Date of Award


Degree Type


Degree Name

Master of Science (MS)



First Advisor

Katherine Hankins

Second Advisor

Deirdre Oakley

Third Advisor

Richard Milligan

Fourth Advisor

Andy Walter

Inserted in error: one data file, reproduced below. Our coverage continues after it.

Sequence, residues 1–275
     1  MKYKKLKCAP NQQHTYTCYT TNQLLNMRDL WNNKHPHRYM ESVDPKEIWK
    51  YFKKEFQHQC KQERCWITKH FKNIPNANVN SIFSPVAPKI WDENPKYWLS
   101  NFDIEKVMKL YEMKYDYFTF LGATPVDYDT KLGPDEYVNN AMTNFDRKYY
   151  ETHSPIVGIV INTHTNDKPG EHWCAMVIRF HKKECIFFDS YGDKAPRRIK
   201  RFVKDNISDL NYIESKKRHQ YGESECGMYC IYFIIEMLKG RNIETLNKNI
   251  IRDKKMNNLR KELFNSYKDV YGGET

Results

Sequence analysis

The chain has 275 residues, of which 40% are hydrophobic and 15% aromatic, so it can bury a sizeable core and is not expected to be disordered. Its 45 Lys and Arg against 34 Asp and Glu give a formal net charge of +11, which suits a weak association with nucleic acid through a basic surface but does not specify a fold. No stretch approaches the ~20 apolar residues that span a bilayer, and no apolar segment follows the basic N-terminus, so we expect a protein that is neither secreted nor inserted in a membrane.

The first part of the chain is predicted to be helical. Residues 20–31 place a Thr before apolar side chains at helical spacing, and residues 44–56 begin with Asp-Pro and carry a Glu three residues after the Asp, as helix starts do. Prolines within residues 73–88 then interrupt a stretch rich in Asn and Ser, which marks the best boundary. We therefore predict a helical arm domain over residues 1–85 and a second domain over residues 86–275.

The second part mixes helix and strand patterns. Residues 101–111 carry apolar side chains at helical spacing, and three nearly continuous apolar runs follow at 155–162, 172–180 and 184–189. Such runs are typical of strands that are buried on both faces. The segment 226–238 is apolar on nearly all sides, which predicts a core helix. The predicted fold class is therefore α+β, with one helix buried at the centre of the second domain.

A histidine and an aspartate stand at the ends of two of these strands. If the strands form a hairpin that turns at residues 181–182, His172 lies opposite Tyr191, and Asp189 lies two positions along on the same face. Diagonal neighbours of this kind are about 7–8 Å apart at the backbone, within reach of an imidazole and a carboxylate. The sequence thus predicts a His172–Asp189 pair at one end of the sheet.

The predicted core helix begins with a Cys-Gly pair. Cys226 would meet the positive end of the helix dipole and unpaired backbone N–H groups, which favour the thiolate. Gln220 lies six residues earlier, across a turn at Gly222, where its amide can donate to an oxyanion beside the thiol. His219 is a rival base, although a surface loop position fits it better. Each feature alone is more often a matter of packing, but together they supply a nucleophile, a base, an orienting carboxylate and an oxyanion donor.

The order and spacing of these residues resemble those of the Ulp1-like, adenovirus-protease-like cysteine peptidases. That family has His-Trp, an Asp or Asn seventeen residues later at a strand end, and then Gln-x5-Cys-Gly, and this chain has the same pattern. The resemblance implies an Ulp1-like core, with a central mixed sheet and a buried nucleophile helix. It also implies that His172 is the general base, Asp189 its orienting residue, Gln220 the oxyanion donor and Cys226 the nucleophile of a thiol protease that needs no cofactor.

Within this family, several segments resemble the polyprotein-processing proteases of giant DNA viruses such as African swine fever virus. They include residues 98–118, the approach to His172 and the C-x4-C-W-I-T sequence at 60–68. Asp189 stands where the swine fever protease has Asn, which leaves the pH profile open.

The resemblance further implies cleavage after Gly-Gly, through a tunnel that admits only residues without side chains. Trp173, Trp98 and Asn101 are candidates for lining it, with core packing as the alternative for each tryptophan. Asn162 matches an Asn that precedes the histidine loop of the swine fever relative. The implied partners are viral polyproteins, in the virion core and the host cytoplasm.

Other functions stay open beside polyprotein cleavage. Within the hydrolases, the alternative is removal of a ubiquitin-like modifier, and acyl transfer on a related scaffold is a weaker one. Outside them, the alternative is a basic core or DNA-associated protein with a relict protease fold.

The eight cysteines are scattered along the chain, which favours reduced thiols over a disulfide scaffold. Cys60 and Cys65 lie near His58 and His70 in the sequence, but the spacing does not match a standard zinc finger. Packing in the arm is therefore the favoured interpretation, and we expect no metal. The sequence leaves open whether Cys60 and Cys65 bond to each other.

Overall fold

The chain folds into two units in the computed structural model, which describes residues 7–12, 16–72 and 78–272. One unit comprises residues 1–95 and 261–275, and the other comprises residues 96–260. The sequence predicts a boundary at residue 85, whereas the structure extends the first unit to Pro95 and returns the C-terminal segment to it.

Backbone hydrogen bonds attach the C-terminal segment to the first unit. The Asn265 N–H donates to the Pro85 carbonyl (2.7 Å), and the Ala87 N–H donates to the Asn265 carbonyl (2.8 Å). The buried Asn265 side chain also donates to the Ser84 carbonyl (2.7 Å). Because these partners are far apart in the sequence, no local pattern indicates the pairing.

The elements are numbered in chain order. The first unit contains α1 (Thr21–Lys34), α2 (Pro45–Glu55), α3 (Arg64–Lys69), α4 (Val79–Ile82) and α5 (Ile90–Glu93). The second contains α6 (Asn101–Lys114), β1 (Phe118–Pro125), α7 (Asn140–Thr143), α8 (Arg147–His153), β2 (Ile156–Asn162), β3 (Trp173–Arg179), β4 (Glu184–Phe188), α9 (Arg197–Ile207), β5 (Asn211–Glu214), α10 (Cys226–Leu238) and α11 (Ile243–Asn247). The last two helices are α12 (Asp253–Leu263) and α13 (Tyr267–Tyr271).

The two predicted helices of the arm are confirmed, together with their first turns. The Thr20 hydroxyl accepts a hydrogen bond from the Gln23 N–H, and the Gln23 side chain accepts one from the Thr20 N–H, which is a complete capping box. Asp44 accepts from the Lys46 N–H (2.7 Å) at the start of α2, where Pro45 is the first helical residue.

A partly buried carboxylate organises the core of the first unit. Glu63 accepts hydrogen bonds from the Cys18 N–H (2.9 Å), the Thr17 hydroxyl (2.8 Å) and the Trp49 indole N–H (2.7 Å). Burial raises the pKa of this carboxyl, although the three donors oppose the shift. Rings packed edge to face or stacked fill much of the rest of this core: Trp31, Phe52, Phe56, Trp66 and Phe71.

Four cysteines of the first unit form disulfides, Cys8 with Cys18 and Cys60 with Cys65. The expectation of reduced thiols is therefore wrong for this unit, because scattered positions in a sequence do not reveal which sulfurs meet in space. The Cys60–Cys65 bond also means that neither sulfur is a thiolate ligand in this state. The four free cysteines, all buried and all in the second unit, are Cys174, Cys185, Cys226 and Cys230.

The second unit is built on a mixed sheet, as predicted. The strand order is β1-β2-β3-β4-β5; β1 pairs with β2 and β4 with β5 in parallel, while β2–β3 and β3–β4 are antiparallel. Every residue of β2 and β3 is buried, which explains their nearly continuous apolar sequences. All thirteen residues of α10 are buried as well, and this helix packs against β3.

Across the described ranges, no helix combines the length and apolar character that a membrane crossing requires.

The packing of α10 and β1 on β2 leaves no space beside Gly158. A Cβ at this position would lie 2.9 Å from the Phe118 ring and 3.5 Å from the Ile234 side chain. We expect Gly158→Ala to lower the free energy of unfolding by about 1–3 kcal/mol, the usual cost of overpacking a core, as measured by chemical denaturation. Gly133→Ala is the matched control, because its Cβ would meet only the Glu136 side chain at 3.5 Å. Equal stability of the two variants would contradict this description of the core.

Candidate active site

Lefebvre’s ‘right to the city’ concept involves collective ownership of the means of production, rights to information, right to difference, right to self-management, and what he refers to as ‘autogestion.’ Lefebvre’s ideas have captured the imagination of many grassroots and transnational organizations, such as the Right to the City Alliance and have been applied to various issues in the city dealing with human rights, including access to affordable housing, use of public space, and threats of displacement from gentrification. Within and across these organizations, it becomes critical to examine the contours of ‘the right to the city’ and what rights Lefebvre and activists who use this framework mean as they pursue their social justice agendas. In this study, I examine the community land trust model in the context of the ‘right to the city’ framework that Lefebvre (1996) developed and as interpreted by Purcell (2014). My analysis reveals that the grassroots CLT model more closely embodies the ideals of Lefebvre’s ‘right to the city’ through collective governance and the appropriation of urban space in contrast to other traditional CLT models that focus more narrowly on affordable housing. This study suggests the importance of the community’s voice in realizing the right to the city.